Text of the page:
“So what we see from just that one fact is that the demand for these very poor-quality mortgages, the ones that failed and caused the financial crisis, was the responsibility of the government. The government had created a demand for those mortgages. That’s what it’s doing again with these 3 percent rules,” he said.

Wallison also refuted the oft-repeated claim that Fannie and Freddie have paid back all of the $187 billion in bailout money they received from the government.

“No, they haven’t. They haven’t paid anything back to the Treasury,” he told “They have paid back more in interest than they were lent, but when you pay back a loan, you also have to pay back the principal. That they haven’t paid back. So they still owe the federal government about $187 billion.”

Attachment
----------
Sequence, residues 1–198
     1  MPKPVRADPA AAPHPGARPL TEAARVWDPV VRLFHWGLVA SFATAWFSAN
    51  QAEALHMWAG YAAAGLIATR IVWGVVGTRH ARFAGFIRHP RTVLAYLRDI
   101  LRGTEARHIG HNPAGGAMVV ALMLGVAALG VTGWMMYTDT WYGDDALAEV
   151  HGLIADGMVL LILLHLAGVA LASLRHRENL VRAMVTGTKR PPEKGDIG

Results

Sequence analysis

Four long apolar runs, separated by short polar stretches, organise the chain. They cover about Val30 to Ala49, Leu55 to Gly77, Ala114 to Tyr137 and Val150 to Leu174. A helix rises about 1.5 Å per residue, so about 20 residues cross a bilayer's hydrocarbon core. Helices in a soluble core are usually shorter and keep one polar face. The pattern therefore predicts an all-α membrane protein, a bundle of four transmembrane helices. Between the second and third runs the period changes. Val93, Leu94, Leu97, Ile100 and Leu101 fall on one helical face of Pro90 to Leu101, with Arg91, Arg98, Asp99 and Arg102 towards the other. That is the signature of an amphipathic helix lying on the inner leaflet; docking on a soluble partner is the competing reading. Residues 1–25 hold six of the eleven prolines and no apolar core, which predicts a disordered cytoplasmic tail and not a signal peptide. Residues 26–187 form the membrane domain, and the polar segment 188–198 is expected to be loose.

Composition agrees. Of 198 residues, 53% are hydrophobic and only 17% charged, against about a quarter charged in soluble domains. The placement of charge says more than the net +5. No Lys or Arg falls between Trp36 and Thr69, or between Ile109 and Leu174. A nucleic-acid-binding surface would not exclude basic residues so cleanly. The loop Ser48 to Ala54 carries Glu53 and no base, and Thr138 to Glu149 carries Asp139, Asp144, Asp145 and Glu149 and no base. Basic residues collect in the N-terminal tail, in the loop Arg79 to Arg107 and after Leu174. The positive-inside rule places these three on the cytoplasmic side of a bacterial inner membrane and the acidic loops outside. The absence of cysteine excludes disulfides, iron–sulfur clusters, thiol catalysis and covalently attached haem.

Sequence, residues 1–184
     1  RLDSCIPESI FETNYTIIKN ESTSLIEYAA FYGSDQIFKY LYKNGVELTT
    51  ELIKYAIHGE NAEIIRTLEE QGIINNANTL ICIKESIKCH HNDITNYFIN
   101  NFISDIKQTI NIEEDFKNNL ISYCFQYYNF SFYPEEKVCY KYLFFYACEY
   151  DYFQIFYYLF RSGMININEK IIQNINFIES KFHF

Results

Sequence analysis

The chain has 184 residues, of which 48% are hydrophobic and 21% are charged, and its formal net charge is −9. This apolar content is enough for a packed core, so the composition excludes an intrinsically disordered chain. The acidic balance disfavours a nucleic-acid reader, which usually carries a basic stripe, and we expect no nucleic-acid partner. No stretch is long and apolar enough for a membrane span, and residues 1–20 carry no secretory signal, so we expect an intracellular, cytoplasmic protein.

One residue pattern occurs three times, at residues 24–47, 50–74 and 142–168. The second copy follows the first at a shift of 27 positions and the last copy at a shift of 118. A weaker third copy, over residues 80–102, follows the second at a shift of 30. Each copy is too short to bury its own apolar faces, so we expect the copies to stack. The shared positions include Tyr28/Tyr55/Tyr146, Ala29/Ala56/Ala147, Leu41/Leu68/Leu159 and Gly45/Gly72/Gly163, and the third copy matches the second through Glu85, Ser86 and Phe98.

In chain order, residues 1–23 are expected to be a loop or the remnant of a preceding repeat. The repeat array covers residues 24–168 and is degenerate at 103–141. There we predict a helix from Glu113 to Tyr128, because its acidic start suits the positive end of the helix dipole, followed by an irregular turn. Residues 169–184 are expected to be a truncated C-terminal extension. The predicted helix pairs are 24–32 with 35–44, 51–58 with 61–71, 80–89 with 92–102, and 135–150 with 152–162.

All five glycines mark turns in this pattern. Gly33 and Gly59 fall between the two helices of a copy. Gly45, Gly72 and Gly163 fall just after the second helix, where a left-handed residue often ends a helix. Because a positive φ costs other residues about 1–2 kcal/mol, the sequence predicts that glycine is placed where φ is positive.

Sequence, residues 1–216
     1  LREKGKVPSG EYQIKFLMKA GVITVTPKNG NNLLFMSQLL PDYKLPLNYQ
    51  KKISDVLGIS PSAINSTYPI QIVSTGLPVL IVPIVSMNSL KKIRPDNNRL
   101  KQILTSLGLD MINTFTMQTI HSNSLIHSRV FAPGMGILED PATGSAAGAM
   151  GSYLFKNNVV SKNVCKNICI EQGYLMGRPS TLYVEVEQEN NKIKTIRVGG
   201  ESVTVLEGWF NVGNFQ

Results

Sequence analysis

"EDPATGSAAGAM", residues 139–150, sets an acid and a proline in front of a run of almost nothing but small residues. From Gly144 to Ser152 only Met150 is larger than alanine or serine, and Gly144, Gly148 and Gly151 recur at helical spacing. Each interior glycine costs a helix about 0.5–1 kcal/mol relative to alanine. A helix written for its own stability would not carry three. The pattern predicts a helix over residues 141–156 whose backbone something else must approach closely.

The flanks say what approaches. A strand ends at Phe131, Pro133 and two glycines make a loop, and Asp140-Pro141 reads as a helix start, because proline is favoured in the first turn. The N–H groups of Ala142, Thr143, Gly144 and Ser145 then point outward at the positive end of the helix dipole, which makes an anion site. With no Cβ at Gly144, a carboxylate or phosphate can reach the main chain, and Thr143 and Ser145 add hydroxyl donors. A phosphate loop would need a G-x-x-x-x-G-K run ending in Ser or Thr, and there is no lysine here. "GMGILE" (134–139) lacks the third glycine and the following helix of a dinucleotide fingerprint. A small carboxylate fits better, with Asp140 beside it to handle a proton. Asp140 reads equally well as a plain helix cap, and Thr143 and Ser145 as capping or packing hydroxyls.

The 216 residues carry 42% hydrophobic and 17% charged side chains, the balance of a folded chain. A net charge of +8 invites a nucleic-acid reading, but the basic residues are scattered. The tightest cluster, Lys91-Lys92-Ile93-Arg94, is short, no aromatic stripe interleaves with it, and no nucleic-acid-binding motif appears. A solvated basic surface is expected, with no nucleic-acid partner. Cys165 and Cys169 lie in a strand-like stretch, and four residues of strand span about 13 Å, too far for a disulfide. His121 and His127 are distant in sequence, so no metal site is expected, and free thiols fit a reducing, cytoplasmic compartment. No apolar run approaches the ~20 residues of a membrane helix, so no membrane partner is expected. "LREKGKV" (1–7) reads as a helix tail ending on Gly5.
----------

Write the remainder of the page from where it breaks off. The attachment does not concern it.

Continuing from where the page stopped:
Does this mean that Fannie and Freddie are in no shape to take on more risky, low-down-payment loans? asked Wallison.

“That’s exactly right, and the taxpayers ought to be thinking about this, because it’s the taxpayers that have paid for the rescue of Fannie and Freddie. And if Fannie and Freddie again fail because they have bought so many of these poor-quality mortgages, who do you think is going to have to make up the difference?” he responded. “It’s going to be the taxpayers again.”

“But as long as the taxpayers are not complaining, the government will go ahead and do this. And one of the reasons the taxpayers are not complaining is they don’t really understand the connection between what Fannie and Freddie were doing through the 1990s and into the 2000s, in terms of buying very poor-quality mortgages. They don’t understand the connection between those poor-quality mortgages and the financial crisis that caused them to fail.”